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M98 stirs questions behind closed doors


PAMPLIN MEDIA GROUP: JAIME VALDEZ - Alex Perez is one of the students enrolled in an auto tech course at Silverton High School. Measure 98 would help fund courses like this auto tech course.Measure 98 appears set for a smooth sail to victory on Election Day.

The statewide high school graduation measure has big-name multipartisan support through Democratic Gov. Kate Brown, Republican candidate for governor Dr. Bud Pierce, the Independent Party of Oregon and many others.

Backers also have amassed a war chest of $3.1 million provided mostly by the Portland-based national nonprofit Stand for Children.

That’s actually less than the yes campaign for its much more high-profile ballot neighbor, Measure 97. That may be surprising given that — unlike the controversial corporate tax measure — Measure 98 enjoys no organized opposition and has the support of 64 percent of respondents to a recent icitizen poll.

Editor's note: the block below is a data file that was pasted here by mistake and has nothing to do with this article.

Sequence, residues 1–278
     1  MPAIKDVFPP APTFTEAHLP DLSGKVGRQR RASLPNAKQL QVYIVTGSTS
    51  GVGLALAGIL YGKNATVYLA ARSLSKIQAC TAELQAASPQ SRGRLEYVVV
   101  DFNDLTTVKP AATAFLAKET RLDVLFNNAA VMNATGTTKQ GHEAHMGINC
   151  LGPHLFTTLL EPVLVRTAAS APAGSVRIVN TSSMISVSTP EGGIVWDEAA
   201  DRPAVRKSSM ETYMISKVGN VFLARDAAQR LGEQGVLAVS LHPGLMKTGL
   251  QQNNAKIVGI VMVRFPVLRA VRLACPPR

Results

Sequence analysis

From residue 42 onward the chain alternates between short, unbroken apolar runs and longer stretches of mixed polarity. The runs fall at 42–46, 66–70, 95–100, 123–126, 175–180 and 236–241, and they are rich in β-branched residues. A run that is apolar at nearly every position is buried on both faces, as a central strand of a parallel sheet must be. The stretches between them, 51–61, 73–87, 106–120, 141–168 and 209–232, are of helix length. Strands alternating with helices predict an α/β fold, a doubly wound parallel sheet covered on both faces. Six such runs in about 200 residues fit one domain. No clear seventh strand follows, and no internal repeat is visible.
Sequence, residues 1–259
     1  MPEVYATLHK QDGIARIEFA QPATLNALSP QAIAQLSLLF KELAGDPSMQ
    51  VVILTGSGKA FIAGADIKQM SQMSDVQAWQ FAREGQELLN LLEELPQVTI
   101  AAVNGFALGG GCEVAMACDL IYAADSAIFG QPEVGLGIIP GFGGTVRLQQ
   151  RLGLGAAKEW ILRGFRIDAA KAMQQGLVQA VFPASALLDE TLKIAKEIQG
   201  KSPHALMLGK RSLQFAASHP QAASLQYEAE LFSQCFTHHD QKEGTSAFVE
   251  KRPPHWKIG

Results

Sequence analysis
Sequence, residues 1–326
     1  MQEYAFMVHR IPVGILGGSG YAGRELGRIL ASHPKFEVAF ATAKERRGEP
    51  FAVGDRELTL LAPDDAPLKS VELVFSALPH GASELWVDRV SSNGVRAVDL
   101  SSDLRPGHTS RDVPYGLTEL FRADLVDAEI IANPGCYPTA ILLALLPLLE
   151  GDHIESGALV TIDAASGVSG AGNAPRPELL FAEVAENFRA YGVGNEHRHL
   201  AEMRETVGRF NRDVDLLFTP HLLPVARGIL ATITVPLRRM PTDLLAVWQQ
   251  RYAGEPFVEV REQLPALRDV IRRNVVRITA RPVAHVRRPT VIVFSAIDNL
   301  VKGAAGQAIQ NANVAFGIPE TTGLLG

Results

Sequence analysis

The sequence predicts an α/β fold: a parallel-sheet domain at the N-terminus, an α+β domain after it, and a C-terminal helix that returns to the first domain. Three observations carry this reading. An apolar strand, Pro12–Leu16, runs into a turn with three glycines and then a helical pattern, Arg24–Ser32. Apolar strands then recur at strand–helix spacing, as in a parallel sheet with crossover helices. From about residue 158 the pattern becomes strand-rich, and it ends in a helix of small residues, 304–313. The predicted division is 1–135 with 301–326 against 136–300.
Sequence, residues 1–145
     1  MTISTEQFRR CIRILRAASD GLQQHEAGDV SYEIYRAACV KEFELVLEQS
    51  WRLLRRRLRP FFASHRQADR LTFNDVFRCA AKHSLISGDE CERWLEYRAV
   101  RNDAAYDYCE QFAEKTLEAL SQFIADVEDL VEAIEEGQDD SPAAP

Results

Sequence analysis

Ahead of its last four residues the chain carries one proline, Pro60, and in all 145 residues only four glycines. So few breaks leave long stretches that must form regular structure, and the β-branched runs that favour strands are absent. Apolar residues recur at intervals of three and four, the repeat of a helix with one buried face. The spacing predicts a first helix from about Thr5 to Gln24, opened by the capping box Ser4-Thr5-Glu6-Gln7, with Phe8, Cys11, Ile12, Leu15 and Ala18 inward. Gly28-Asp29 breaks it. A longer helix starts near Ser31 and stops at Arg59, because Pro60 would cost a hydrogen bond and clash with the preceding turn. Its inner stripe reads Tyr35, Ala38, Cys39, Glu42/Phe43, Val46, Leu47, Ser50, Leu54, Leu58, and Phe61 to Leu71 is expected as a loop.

But despite the lack of vocal opposition, it seems that not everyone in Oregon’s education scene is fully on board the Measure 98 train.

The Confederation of Oregon School Administrators, an organization of superintendents and others in school administration, declined to take a position on Measure 98 at a late-August meeting at which it did endorse Measure 97.

The Portland Tribune asked why COSA remained neutral on a measure that claims to be able to raise Oregon’s perniciously low K-12 graduation rate — surely a goal that school administrators share — but spokesman Morgan Allen declined to elaborate.